Originally commissioned by The Photographers' Gallery (London), Horizontal Humans is a timelapse 3D scan animation. The work follows a series of taphonomic experiments, charting the decay of pig carcasses in a field in rural England.
Anatomists call the pig “horizontal human” because of what we share inside1
Humans and pigs are anatomically and physiologically incredibly similar. They share a similar muscle to fat ratio, similar organ position, a similar skeletal arrangement. Our skin is similar to their skin2, so much so that tattoo artists train on pork joints from the butchers. Talk of pig to human transplants and blood transfusions has created tabloid headlines and been considered by commercial biotech companies such as PPL Therapeutics, famous for cloning Dolly the Sheep3 4.
Our similarities do not rest at the physical; our affinity extends to the personality and cognitive abilities of pigs. They are said to exhibit complex emotions, and infamously fill the 'human' role in Orwell's Animal Farm5 6. Historically they themselves (not their owners) have even been held accountable for crimes and punished in accordance to our own laws7. Their flesh is the most readily eaten by mankind, constituting over a third of all meat consumption8. It is also said their flesh tastes most similar to human flesh, owing to the human cannibals of New Guinea calling their victims 'long pigs'9.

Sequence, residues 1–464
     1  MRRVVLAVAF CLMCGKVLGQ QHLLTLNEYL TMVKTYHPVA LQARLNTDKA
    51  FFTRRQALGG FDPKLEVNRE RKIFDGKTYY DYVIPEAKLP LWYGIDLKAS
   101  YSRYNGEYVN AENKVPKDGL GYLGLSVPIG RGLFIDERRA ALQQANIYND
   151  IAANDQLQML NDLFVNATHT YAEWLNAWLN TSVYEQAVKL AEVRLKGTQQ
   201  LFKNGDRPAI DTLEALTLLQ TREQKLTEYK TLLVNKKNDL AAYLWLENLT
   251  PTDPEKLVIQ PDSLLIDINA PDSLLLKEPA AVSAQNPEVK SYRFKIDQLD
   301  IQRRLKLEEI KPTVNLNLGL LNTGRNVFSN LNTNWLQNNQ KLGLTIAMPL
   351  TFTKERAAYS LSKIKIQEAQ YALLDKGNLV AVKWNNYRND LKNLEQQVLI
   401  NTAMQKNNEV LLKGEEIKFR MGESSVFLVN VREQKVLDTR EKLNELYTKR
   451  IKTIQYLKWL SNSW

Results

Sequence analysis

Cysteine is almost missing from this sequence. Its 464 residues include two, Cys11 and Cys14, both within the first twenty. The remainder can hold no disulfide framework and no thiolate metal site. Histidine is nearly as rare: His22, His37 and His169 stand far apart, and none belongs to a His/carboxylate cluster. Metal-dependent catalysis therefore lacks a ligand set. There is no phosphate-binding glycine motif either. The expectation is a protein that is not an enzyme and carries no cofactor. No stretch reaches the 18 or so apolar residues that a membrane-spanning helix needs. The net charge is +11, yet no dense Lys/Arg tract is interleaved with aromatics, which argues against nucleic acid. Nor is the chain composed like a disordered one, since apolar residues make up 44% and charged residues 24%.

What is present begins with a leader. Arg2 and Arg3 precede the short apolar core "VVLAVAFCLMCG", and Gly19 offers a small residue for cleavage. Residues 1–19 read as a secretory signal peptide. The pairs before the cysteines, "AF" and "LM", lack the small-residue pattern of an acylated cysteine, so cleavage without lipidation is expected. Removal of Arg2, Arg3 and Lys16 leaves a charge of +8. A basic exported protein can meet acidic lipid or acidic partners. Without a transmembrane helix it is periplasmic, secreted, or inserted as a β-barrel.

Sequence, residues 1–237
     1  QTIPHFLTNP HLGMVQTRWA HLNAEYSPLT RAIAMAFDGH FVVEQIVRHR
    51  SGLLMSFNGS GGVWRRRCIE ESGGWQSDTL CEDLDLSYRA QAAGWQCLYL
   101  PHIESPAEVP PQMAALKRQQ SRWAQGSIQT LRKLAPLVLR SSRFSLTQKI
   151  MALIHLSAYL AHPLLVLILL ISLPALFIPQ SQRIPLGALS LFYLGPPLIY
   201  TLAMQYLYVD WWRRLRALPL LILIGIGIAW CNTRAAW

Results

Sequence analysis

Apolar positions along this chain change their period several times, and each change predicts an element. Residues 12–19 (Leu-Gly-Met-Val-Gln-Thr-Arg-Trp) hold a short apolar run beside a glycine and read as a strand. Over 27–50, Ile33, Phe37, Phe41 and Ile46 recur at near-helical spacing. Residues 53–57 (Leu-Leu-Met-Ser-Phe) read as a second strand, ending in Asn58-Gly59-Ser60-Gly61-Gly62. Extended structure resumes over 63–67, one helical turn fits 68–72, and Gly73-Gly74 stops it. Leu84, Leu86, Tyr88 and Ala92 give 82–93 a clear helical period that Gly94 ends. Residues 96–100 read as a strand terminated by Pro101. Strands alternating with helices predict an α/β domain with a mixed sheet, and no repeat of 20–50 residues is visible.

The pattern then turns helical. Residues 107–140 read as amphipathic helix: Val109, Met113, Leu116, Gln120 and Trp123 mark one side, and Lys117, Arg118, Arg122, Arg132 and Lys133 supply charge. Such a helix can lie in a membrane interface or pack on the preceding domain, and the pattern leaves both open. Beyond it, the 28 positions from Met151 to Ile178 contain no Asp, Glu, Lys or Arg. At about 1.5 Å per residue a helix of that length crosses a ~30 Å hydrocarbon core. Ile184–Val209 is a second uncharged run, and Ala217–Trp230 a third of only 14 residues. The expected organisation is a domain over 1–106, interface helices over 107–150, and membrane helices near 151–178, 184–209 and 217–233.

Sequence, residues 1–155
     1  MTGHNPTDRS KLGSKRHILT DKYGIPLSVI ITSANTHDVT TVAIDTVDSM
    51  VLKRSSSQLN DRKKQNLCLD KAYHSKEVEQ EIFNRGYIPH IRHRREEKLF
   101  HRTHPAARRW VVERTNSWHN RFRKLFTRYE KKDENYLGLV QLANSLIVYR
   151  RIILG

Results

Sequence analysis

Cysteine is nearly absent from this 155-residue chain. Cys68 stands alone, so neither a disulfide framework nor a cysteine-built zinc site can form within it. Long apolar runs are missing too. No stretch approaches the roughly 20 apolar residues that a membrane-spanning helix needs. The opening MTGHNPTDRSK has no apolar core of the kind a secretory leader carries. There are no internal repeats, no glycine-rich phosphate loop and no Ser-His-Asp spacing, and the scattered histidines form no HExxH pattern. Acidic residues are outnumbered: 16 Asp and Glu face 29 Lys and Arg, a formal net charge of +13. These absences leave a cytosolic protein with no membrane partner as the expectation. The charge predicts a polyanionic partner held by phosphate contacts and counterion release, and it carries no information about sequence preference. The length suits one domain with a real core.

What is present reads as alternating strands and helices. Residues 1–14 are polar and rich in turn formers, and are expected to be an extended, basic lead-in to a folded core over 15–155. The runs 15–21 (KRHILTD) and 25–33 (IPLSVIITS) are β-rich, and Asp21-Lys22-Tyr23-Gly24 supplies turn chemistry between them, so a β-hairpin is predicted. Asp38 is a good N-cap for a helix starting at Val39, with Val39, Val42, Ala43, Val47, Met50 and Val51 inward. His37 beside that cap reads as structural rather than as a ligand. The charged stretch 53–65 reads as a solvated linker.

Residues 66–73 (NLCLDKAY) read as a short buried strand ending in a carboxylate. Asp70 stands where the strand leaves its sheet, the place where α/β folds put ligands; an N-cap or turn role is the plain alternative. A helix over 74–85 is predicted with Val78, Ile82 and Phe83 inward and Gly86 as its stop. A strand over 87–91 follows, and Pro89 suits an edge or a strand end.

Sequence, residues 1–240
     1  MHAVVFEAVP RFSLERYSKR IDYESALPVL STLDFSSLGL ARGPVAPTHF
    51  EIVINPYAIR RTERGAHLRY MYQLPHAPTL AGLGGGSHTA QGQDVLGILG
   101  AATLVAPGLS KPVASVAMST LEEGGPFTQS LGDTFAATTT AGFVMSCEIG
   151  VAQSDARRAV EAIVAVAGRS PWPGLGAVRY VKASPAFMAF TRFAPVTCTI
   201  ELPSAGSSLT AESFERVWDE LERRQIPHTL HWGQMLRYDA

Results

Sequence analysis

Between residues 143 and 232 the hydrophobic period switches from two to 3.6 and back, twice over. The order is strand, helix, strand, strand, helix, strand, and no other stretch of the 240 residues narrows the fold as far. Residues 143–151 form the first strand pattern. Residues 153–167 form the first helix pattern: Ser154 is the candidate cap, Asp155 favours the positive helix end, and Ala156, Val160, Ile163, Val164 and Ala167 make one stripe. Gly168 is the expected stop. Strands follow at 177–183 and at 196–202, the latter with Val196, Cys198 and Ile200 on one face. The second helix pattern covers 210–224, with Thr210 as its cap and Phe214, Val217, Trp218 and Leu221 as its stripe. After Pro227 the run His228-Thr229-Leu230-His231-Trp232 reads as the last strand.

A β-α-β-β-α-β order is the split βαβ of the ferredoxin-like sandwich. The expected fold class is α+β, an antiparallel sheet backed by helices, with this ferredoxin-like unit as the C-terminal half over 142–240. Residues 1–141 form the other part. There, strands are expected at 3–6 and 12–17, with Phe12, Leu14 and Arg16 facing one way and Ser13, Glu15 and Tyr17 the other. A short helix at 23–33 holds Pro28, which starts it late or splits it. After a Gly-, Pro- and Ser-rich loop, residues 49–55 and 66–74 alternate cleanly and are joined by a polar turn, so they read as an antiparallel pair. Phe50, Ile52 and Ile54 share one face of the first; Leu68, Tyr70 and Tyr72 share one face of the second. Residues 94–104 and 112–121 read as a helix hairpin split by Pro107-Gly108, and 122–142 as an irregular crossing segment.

It is the similarity of their flesh and ours that make pigs perfect human substitutes for the study of decomposition. At TRACES (University of Central Lancashire) pig carcasses are monitored from the moment of death to eventual decomposition. This process helps us understand our own bodily decay and crucially assists in pinpointing the exact moment of death when a partially decayed human body is encountered in crime scene investigations.
An array of bizarre, staged scenarios unfold across a piece of Lancashire landscape, where close to one hundred pig carcasses are monitored annually. The pigs' bodies are framed on concrete plinths, hung from scaffold frames, half buried. They are hidden in plastic wheelie bins, in suitcases, under tarpaulins. They are shot, burned, tattooed. They lie with plastic bags on their heads, or with the tell-tale scars of a forensic autopsy along their torso. Each act is carried out with clinical precision, under strict guidelines and with acute scientific rigour. Every act is a replication or a simulation of a possible human demise.